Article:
It’s official. We’re in a bull market


New York

The S&P 500 rallied Thursday to end the day in a bull market, marking a 20% surge since its most recent low, reached on October 12, 2022.

Buoyed by gains in big technology stocks, the broad-based index closed at 4,293.93 and crossed the threshold that separates a bear market from a bull market — that’s investor-speak for a period of time marked by rising stock prices and optimism on Wall Street.

Markets have remained surprisingly resilient over the past nine months, as 2022 losers like tech and media have bounced back from a disastrous year on hope that the worst is over for those industries.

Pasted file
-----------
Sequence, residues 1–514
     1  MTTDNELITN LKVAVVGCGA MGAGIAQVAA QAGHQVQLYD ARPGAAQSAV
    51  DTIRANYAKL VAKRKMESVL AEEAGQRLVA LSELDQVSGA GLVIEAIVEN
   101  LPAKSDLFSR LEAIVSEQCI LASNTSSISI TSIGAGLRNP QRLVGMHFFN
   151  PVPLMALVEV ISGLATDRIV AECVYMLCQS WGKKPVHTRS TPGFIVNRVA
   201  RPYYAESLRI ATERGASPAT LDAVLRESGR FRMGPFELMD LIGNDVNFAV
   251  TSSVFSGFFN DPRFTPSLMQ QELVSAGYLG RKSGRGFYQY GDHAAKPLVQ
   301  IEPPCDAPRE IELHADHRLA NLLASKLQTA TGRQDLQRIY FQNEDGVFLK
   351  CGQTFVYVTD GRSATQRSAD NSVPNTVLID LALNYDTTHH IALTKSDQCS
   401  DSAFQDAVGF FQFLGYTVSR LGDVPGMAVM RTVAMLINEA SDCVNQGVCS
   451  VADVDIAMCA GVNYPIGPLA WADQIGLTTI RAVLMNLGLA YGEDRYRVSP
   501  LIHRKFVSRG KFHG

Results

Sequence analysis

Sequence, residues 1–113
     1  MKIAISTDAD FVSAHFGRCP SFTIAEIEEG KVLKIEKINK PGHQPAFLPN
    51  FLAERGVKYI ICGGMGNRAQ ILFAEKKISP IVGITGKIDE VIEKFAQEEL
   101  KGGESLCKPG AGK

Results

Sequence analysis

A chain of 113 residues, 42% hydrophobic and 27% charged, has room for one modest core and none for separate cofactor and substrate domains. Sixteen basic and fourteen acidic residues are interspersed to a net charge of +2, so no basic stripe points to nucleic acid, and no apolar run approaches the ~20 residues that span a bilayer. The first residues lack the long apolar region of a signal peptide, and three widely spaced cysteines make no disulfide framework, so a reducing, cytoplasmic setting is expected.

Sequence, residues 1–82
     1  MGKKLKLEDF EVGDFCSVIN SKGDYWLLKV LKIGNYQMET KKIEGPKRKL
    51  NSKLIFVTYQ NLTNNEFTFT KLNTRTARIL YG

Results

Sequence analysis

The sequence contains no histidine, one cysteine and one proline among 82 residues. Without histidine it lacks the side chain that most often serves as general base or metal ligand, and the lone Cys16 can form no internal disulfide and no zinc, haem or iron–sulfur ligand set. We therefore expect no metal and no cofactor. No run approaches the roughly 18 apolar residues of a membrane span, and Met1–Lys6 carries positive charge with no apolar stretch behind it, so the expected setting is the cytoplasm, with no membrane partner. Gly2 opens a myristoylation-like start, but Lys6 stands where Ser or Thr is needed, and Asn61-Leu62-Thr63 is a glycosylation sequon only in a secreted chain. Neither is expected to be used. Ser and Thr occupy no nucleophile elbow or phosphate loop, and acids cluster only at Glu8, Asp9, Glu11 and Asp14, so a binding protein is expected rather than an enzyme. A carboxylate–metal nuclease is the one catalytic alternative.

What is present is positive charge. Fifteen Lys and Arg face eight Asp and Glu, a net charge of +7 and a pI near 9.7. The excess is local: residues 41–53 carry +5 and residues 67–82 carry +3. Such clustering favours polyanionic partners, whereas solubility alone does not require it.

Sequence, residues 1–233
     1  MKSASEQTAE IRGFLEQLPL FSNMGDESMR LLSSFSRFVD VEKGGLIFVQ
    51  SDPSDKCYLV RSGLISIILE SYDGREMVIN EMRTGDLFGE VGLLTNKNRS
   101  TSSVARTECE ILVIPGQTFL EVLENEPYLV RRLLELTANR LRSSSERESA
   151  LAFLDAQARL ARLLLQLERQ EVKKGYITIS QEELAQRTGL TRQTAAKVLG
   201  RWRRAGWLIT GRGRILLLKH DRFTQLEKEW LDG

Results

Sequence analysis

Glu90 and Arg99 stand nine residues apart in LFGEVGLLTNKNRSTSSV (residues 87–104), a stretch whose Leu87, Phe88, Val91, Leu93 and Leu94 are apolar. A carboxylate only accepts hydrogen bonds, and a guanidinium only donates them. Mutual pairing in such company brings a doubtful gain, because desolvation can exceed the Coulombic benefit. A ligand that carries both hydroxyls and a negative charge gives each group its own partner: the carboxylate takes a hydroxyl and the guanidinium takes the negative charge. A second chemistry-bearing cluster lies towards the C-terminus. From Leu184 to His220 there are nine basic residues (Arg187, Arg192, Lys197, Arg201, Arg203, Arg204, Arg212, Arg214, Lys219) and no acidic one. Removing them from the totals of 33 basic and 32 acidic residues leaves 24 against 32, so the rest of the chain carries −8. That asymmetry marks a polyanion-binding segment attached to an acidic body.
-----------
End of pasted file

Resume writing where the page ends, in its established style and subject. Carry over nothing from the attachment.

Over the past week, markets have gained momentum, likely because of the end of the debt ceiling crisis, optimism that the Federal Reserve will pause rate hikes at its June meeting and a recent string of strong economic readings.

And while those are all positives for the economy, analysts fear that this could be a short-lived rally that ends up biting investors. 

“We’re very late in the economic cycle that’s starting to slow and probably heading for a recession later this year,” Sameer Samana, senior global market strategist for Wells Fargo Investment Institute, told CNN. “The key difference for us is that you tend to see bull markets coincide with economic expansions, not economic contractions.”

Still, since the last bull market, we’ve had a war in Europe, a banking crisis and a debt crisis among other dramas. Markets are in uncharted territory and while an economic recession coinciding with a Wall Street boom would be a first, “in this market, you never say never,” said Samana.